O'Keefe in the News

Fintech: Competition or Cooperation?

Fintech: Competition or Cooperation?

August 21, 2019

As published in Forefront

By Susan Koss

Seemingly overnight, Fintech has become engrained into our everyday lives without us even realizing it. When you place an order on your phone for a quick pick up at your
favorite coffee shop, you are using Fintech. When you use an app on your phone to
transfer money to a friend or to deposit a check into your bank account, you are using
Fintech. Fintech use is growing at an astounding pace and it doesn’t appear to be
slowing down anytime soon.

Since inception, Fintech has completely turned the financial services industry upside
down. Even though Fintech has been around for 15-20 years, only in the past five to
seven years have many traditional financial services companies dramatically ramped up
their Fintech initiatives.¹ Fintech startups have been ramping up, too. In 2018, Fintech
startups in the U.S. raised $12.4 billion in funding, 43% more than 2017. Fintech startups
need those dollars as they tend to burn approximately two to three times more cash
compared to other startups.² This is attributed to factors such as highly competitive
compensation for tech positions and regulatory hurdles that many traditional
banks face.

Originally, Fintech startups and traditional banks were rivals fighting for every client.
However, a new phase is taking shape in the evolution of the Fintech sector. Many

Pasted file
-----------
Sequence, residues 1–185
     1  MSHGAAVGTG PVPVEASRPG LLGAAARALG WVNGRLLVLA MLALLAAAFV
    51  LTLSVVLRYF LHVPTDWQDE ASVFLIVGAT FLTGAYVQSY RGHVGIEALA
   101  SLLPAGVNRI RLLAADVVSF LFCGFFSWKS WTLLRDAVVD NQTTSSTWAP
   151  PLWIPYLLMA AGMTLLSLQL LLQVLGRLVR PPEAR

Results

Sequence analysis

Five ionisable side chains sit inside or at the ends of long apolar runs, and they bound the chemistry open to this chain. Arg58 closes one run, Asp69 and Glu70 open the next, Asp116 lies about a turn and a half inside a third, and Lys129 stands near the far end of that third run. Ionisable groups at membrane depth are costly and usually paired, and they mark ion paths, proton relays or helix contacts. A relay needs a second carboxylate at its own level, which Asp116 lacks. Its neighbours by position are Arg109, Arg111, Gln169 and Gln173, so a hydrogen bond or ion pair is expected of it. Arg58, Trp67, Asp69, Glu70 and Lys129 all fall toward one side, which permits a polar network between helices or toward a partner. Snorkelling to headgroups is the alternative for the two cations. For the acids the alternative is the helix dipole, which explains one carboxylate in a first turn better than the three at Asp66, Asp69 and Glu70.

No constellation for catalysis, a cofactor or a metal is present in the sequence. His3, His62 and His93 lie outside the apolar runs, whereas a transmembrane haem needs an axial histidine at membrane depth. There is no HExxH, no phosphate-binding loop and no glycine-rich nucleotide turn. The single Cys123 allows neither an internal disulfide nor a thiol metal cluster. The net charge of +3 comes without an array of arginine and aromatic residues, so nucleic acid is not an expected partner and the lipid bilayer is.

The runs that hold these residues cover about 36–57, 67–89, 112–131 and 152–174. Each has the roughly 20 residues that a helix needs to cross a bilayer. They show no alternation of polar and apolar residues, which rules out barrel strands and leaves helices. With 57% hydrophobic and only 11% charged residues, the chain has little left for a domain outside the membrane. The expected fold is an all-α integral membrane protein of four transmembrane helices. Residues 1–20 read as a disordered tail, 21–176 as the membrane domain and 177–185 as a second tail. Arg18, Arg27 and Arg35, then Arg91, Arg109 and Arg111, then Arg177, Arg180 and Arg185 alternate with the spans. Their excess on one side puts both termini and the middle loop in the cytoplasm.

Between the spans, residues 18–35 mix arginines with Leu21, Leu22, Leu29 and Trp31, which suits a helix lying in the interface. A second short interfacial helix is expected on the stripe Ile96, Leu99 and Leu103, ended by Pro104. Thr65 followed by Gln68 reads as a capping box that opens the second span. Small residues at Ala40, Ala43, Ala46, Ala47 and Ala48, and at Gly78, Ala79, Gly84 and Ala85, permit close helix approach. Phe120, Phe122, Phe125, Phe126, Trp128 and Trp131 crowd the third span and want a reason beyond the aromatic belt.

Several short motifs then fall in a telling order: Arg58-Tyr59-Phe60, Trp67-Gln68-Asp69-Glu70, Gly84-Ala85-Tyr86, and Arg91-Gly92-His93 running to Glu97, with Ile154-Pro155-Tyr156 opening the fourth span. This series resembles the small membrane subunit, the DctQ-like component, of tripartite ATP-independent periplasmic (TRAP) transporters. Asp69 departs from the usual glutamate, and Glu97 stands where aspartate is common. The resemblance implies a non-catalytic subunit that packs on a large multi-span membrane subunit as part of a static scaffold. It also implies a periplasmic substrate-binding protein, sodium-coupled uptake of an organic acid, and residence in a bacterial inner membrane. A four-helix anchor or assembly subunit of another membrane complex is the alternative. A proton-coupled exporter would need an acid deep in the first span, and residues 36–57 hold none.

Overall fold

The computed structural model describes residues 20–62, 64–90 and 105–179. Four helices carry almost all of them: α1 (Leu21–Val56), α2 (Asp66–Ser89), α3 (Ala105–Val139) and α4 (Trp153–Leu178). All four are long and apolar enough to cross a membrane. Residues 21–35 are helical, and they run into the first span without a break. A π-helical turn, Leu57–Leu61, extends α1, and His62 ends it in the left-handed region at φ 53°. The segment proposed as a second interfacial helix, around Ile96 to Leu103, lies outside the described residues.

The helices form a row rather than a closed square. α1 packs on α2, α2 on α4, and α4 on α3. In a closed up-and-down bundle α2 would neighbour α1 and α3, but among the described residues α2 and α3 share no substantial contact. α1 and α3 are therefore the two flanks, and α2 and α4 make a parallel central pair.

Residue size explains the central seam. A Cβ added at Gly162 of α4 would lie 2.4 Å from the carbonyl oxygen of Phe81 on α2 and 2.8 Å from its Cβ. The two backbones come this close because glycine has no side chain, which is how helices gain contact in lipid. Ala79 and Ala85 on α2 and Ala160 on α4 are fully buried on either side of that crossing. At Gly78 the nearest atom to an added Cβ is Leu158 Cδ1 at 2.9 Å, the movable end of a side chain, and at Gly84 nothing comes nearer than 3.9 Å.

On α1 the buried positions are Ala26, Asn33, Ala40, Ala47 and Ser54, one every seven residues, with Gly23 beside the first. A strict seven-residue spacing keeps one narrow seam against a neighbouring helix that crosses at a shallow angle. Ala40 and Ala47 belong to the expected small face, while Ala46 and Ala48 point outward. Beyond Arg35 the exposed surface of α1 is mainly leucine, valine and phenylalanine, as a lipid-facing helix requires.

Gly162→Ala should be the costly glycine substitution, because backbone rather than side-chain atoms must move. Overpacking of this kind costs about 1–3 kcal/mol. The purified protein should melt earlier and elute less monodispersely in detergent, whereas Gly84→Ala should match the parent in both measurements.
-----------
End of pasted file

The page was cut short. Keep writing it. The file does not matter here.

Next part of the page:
traditional banks are now strategically looking to team with emerging technology
companies in order to gain access to new markets and products. At the same time,
many Fintech startups have pursued partnerships with large traditional banks to obtain
industry and regulatory knowledge, develop into new or existing markets or simply
cash out.³ But Fintech companies are not just seeking to establish relationships with large banks, they are also partnering with smaller banks. Smaller banks struggle with keeping up in a changing industry because they often use outdated technology, lack an innovative
culture and their physical branches are not as essential as customers go more mobile.*
However, smaller banks are attractive since they are nimble and quicker to get things
done compared to larger national banks.

Fintech companies can provide incredible resources to banks related to enhanced
private data protection and customer experience. As Fintech companies mostly rely
on mobile applications for banking and financial services, security risks increase.
Customers are concerned with the threat of unauthorized access to personal financial
information. Consequently, a better customer experience can be achieved by
heightened cybersecurity through strengthening the infrastructure of applications and
usage of firewalls. Fintech companies can help banks achieve these initiatives along with
blockchain and other emerging technologies. However, both Fintech companies and
banks will need to remain on alert as tech giants make further inroads into areas such as
payments, credit and deposit accounts.ˆ

The future for Fintech seems limitless given the various opportunities and fast paced
technology advances. Yet, Fintech success will not come at the expense of traditional
banks and financial service companies. The convergence of Fintech companies and
traditional banks is likely to continue to grow as they form strategic partnerships and
share technology and resources. As Fintech evolves it will certainly continue to impact
our everyday lives in ways we can’t even imagine.

¹ Deloitte – Fintech by the Numbers, 2017, pg. 1

² Kauflin, Jeff, Forbes, “11 Biggest Fintech Companies in America 2019,” February 4, 2019

³ Deloitte – Fintech by the Numbers, 2017, pg. 1

* Rooney, Kate, CNBC “Small banks you’ve never heard of are quietly enabling the tech takeover of the financial industry”

ˆ S&P Global Market Intelligence – 2018 US Fintech Market Report